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Reader comments


New blog post: How can we convince the public of re-distribution? http://bit.ly/15G2IG

I think that eventually if a policy that is relatively straightforward and easy to explain (redistribution of wealth means that no-one should be too poor or too rich. Accordingly we will take money from the people that are too rich and give it to the people that are too poor) remains widely unpopular with the people at large, then the problem is more likely to be with the policy than the people.

While there is public support for progressive taxation and income redistribution, much of this is premised on fear of the negative consequences of poverty.

So what you’re saying is that while people support redistribution – which I agree they already do (hell, even I do) – they must be re-educated to support it for the “right” reason??

Given the current mess of the public finances, and with tax rises already in the pipeline to pay down the debt, I would just be grateful for the support you already have!

Alternatively, as Dillow has pointed out, you could shrink the size of the state in order to facilitate more redistribution.

http://stumblingandmumbling.typepad.com/stumbling_and_mumbling/2009/04/shrink-the-state-a-leftist-aim.html

“Big government cannot be redistributive government.”

“All of this represents a major problem for any left that is actually interested in expanding it base. Capitalism – and the inequality it creates – continue to enjoy moral legitimacy in the eyes of an overwhelming majority.”

Going rather off subject, I’d be interested in a proper examination of whether capitalism does in fact create inequality. Yes, I can see it in Gini and Lorentz information, but they are only partial measures: money income (or even money consumption) are not the be all and end all of life quality or life equality.

You could argue for example that we have a great deal less calorie inequality now than we did a century ago. A great deal less child mortality inequality. I’d wager (although don’t know) that we’ve less life span inequality. Less health inequality (and no, not just the NHS, I think there’s probably less (the caveat being that I am speculating, not asserting) in countries without the NHS). There’s less height inequality between the classes, which probably links in with having less calorie inequality. Less transport inequality, less education inequality…..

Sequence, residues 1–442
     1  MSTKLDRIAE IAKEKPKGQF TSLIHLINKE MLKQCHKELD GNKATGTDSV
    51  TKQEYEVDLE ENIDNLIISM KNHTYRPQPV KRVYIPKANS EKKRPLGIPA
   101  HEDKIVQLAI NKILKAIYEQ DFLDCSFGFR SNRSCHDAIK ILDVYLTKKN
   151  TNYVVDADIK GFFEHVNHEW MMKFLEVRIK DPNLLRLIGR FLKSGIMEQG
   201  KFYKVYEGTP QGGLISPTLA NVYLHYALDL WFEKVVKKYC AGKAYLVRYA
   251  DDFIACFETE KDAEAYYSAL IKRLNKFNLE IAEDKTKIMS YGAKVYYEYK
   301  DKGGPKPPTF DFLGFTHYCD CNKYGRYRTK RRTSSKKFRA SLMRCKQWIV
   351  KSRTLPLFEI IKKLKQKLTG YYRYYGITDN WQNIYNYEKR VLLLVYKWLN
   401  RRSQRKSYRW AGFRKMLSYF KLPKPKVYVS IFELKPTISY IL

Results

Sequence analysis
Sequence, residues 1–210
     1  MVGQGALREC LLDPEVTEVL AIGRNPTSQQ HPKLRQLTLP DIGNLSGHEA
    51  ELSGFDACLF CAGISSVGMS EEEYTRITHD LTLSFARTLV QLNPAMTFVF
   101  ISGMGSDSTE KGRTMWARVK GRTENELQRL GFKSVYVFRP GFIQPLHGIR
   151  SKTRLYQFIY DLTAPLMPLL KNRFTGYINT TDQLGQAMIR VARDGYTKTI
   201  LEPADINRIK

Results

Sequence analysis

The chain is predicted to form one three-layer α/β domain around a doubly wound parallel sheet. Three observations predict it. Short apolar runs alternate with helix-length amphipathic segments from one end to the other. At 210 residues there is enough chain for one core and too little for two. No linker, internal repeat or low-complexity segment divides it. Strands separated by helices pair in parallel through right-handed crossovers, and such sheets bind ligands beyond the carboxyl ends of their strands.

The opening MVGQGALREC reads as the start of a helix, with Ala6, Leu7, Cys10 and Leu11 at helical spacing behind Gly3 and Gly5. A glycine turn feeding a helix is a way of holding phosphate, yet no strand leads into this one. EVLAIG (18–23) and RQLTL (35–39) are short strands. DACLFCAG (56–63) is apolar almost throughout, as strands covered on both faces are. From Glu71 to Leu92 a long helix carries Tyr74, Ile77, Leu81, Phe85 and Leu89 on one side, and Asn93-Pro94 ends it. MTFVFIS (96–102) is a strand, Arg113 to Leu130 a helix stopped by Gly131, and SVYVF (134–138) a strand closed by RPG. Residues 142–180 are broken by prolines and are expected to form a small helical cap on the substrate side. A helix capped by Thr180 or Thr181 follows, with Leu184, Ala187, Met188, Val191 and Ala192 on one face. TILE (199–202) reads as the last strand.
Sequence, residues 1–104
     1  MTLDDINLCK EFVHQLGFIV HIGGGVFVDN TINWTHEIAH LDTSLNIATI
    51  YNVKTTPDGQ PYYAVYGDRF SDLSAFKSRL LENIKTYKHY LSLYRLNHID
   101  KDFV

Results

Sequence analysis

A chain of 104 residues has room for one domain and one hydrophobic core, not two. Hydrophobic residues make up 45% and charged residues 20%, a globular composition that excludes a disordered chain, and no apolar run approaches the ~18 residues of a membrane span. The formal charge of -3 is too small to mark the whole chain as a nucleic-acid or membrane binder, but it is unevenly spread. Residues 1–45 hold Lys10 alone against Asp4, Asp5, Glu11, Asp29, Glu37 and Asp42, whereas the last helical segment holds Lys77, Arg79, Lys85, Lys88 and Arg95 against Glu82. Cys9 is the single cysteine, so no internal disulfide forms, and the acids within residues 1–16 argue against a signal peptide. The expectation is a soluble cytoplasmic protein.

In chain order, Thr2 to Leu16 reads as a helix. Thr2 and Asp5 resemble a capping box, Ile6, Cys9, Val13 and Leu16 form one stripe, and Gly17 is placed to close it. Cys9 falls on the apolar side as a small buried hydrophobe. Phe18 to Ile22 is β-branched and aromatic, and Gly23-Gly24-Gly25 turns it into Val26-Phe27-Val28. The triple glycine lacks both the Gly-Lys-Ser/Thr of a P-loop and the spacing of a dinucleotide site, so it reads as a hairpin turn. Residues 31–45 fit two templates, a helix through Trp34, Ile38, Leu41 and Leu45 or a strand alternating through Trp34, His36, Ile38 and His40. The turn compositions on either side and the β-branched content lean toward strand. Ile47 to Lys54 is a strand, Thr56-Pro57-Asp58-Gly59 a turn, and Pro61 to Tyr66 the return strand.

I agree, not all of those are purely a result of capitalism (and some might be results of redistributive or State efforts) but wouldn’t it be interesting if someone really studied inequality. Is life, in the round, in general, now more or less equal than it was in, say, 1750, before we started this capitalism shtick?

Dave & Co

Is it just the rich bankers that got caught in the credit crunch fiasco that is displeasing to the socialists or do the highly paid actors, musicians, athletes etc that are also thought to be making too much money? Do socialists think that they shouldn’t be paid that much in the first place or rather that they should be paid that much but must give it away to those less fortunate?

Liberal Conspiracy » How can we convince the public of re …: About the author: Dave Osler is a regular contrib.. http://bit.ly/GNq1O

Lilliput

“do the highly paid actors, musicians, athletes etc that are also thought to be making too much money”

The cynic in me would say that the left (not necessarily socialists) are so reliant on celebrity culture for messaging, that they can’t be too condemnatory. Sean Penn, George Clooney, Bruce Springsteen et al are praised by the left despite the fact that they contribute nothing tangible whilst businessmen, who at the very least create jobs, are villified. You are right, an interesting irony.

“While there is public support for progressive taxation and income redistribution, much of this is premised on fear of the negative consequences of poverty.”

So we are willing to suffer our pay being pillfered to avoid people starving in the street but dissaprove of outright theft? Who’d a’ thunk it?